Flexible Multi-Partner Mechanism (FMM)

Smallholders in Central America weathering the storm with climate-smart agroforestry

KEY IMPACTS

  • 460 families in Guatemala and 425 families in Honduras supported.
  • 57 new hectares under agroforestry management. 
  • 25 water harvesting tanks (8.5 m3 each) and irrigation systems provided.
  • 250 smokeless and wood-saving stoves provided.
  • Training was provided on sustainable agriculture including integrated crop management, organic fertilizer, the protection of watersheds and more.

The Dry Corridor of Central America –  particularly those areas in Guatemala, Honduras and El Salvador – has become increasingly prone to extreme weather, damaging livelihoods and worsening poverty.

Prolonged droughts, exacerbated by El Niño from 2014-2016, led to over 3.5 million people needing humanitarian assistance. A UN inter-agency study in 2017 drew a direct link between these extreme dry conditions and irregular migration. Family members left behind face the burden of paying the debts of those who have migrated, while almost 50 percent of the families interviewed were food-insecure. The research highlighted the need for long-term programmes to discourage people from emigrating and reduce the impact on the families left behind.

Santos Roberto Lagos, who lives in the corridor, is benefiting from one such programme to scale up sustainable natural resources management practices.

Lagos, 65, and his family have always worked as farmers in the community of Yuculimay Arriba, southern Honduras. Before they began working with FAO, they owned a 2.8 hectare plot where they sowed beans and corn, and a small garden for lemon grass, aloe, mangoes and lemons. The sale of fruit provided most of their income and helped supplement the maize and beans they grew, which were not enough to feed the family for the whole year.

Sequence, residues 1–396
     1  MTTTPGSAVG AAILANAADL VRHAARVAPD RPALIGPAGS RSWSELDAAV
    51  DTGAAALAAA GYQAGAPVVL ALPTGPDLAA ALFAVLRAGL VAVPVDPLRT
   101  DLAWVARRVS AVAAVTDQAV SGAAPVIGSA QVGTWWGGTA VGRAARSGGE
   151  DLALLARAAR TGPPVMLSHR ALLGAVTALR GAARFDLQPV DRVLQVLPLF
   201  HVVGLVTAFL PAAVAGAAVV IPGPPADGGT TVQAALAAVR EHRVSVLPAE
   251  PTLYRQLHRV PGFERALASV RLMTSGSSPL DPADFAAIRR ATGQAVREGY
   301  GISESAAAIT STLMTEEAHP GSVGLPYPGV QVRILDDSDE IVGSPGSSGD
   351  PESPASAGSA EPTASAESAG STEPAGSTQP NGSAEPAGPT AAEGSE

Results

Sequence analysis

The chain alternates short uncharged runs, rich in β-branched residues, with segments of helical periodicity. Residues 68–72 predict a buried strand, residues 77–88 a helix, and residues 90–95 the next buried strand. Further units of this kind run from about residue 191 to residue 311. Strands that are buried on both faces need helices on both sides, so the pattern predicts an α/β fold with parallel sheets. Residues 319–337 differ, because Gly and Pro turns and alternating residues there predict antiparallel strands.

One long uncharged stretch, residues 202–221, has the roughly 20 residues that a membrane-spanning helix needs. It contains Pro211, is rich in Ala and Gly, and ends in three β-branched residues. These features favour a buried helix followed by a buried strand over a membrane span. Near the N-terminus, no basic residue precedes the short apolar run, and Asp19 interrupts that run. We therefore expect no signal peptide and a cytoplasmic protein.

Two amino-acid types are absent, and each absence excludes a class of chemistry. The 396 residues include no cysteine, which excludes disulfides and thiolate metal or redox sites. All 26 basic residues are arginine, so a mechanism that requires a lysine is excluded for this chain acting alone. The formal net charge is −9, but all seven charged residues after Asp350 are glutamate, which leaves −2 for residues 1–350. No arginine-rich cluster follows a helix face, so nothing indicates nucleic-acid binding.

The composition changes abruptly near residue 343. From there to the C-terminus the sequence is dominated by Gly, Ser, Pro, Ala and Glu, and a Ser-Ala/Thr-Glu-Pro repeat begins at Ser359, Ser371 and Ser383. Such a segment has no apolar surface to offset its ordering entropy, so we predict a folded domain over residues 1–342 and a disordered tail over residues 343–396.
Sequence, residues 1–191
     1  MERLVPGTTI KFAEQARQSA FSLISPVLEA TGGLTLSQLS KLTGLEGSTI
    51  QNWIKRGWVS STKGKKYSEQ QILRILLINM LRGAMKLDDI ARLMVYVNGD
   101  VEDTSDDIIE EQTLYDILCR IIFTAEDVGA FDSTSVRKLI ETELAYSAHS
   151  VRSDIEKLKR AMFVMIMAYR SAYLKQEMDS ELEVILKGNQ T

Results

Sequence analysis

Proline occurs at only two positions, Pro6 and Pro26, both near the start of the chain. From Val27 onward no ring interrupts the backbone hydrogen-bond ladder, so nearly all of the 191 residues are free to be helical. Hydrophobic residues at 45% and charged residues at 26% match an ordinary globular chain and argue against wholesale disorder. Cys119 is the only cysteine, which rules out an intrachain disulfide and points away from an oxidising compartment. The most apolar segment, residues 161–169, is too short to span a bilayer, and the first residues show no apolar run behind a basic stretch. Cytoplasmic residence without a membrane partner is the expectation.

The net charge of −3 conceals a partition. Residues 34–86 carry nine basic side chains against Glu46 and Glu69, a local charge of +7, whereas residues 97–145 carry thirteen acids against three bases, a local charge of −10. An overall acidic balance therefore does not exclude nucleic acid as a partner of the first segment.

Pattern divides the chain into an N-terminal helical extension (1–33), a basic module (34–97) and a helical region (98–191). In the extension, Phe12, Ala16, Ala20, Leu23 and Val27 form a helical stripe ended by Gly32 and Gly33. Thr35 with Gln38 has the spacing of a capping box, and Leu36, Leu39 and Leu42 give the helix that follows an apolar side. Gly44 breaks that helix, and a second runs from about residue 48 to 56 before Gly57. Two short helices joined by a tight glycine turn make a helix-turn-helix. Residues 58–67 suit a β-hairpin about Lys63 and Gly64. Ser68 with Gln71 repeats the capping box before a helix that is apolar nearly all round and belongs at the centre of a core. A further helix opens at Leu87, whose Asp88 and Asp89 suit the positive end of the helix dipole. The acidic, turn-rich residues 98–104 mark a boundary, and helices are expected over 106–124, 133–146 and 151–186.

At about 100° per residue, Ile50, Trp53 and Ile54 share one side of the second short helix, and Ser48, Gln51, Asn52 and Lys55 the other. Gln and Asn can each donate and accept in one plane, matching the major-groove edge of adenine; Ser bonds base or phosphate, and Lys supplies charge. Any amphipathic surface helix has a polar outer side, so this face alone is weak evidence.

The droughts badly hit production and his ninemember family; the soil on his farm was degraded and the surrounding forest was dwindling.

“This area has a lot of natural watersheds and we were not making the best use of those resources … because we did not have a system of proper water distribution”, Lagos says. “Some places had more water than others; this led to shortages and during the dry season we usually experienced drought.”

He and his family received training on sustainable agriculture, with an emphasis on integrated crop management, orchard management, organic fertilizer, water harvesting reservoirs, irrigation systems, management of agroforestry systems and the protection of watersheds. The project also provided Lagos and his family with fruit trees, orchard seeds and a small irrigation system – a reservoir that stores 8.5 m3 of water.

“Since we received assistance from the project, we learned to make use of an efficient water distribution system that helps us have water all year long”, Lagos says. “We also learned how to introduce varied crops throughout the year, which has increased our production and income.”

His family have become leaders in their community with a 4.9 hectare agroforestry plot that combines mango and lemon trees with basic grains. They have established small plots of vegetables such as cassava, squash, sweet potato and beans, all of which they irrigate with water from the reservoir.

In 2018, Lagos expects to sell one million lemons, double his previous harvests, generating a profit of around 400 000 lempiras (USD 16 878). Now the whole community is copying the model. Their agroforestry systems improved their use of water and increased production for everyone.

The Lagos family is just one of almost a thousand benefiting from the project, which in 2018 is looking to expand operations and help more struggling smallholders to cope with drought. TV and radio spots, and training sessions organized with the Ministry of Agriculture and Livestock and the Forest Conservation Institute, will let others knows about the potential of climate-smart agroforestry.